While the strapping is attached to a black sleeve, the sleeve offers no compression. Let's have a quick thought experiment:
  1. You pull a sheet taut and try to push your finger down through the sheet - the sheet resists the applied pressure
  2. The same sheet is now loose, and you try to push your finger down through - there is little to no resistance
The tighter the sleeve gets, the lesser the amount of counter traction is successfully applied.

In the RCT, participants wore the Solushin for ~ 3 times per week with an average wear time of 100 minutes. After compiling this research and keeping an open feedback loop with clinics using the Solushin, we recommend 1-hour per day before or after exercise.

Clinical Evidence

Double-blinded randomised controlled trial (pending publication)

To reiterate, the big question for us was, "how do we minimise time at reduced load?"


We worked alongside two Sydney sports medicine practices to conduct a double-blinded randomised controlled trial (RCT) using the Solushin as an investigational device. Participants in both groups were given load management protocols and recorded all other therapies they undertook during the RCT. The placebo group received a Solushin with no counter traction nodes or compression rod - effectively a sleeve with graded compression in the form of horizontal strapping. The key measurements were pain severity and time returned to full-load.


The investigational device demonstrated a significant reduction in MTSS symptoms from 5 weeks that were sustained over 6-months compared to the placebo. Clinically, it has the potential to benefit patients with MTSS as a useful adjunct to current treatment modalities. We were pretty happy with the promising results that demonstrated that faster return to sport.


As the study is pending publication, I couldn't go into too much detail (it's still confidential). However, happy to chat through it with anyone. Just reach out.

ANkle range of motion study (pending publication)

We also did a small study that demonstrated the Solushin's ability to improve knee-to-wall measures by 21% after an hour of wear. We did this at the request of numerous clinicians who saw the additional benefits of reducing the tension in the soleus. This small study has it's obvious limitations (what are the long term outcomes?); however, it shows promising data that we hope to build on in the future.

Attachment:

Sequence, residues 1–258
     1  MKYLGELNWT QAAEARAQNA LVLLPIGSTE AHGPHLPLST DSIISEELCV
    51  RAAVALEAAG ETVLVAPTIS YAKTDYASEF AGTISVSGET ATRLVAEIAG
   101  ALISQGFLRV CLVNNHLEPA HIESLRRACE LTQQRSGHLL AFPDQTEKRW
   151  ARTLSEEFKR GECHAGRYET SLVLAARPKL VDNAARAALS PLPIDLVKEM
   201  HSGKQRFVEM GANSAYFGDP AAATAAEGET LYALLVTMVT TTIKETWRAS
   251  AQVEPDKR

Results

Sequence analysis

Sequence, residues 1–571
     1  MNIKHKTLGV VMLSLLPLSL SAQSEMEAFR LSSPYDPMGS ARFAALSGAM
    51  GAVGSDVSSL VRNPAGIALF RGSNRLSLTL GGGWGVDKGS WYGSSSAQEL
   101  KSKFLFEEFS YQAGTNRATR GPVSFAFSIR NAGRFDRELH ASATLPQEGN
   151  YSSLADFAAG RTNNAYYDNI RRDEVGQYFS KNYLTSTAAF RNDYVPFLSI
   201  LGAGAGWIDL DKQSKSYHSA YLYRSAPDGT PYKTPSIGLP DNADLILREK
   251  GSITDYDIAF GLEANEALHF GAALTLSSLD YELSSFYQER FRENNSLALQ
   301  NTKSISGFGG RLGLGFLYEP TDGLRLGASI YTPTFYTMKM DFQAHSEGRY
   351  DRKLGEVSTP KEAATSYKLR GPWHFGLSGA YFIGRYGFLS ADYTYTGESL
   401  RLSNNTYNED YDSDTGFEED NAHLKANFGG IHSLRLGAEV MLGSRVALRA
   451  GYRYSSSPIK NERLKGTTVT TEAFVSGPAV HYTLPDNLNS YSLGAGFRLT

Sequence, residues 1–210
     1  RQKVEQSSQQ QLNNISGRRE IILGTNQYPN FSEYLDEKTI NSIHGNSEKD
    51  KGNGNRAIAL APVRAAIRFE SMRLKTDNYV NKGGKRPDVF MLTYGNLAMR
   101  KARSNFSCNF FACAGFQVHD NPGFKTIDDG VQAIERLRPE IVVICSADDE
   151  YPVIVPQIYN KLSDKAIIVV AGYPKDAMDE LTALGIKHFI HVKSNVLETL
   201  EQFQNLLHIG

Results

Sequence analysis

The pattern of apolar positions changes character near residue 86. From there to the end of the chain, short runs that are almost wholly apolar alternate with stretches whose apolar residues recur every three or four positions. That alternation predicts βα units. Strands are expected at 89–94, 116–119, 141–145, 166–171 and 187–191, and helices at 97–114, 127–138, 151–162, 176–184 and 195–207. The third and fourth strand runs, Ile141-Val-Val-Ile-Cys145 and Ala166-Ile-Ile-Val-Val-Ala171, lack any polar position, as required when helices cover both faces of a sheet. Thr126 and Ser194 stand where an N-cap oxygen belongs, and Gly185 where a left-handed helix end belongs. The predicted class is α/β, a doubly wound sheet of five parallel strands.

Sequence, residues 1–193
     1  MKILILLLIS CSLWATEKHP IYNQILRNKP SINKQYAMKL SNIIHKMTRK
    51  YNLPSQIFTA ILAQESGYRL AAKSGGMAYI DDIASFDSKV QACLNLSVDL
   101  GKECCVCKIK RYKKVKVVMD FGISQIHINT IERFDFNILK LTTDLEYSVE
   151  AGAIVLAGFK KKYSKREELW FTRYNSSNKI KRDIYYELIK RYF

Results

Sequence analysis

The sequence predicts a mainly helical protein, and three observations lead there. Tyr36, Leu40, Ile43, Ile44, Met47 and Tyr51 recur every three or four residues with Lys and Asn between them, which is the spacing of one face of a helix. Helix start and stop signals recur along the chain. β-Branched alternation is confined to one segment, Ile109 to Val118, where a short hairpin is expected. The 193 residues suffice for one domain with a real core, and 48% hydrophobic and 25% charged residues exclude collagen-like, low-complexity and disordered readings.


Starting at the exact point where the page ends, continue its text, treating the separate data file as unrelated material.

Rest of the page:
So, when to use the Solushin for MTSS?

It's essential now to lay the foundations of when to and when not to use the Solushin. And, what can be expected from using it. We did not set out to make a gimmick that solves everything, including headaches.


Thinking back to the four stages

Part of the exclusion criteria for the RCT was a stress fracture, as seen earlier in stage 4 MTSS. While the Solushin may help in the medium to long-term, we do not recommend its use. However, for stages 1-3 MTSS, the Solushin is an adjunct you might want to consider for your patient alongside a load management program. 


What to expect when using the Solushin

As an overuse injury, patients with MTSS often present with symptoms earlier in the season. However, that isn't always the case. Sometimes the she'll be right approach has let them down, and they haven't been able to shake the symptoms. Or sometimes, a sudden increase in volume at the end of the season (finals) has enveloped them with the painful symptoms. Is an athlete going to reduce their load at the end of the season?


This gives us two scenarios to consider:

  1. An athlete who can undertake a load management protocol
  2. An athlete who cannot
The expectations of these scenarios are different and should be an essential consideration. 

Load management is possible.

If the athlete can unload and manage the reloading methodically, we highly recommend the Solushin be used as an adjunct. In the short-term, the athlete can expect a reduction in pain during and immediately after wearing the Solushin. Their shin pain will (very) likely return during exertion; however, with consistent usage, they will typically run with no shin pain within 5-weeks.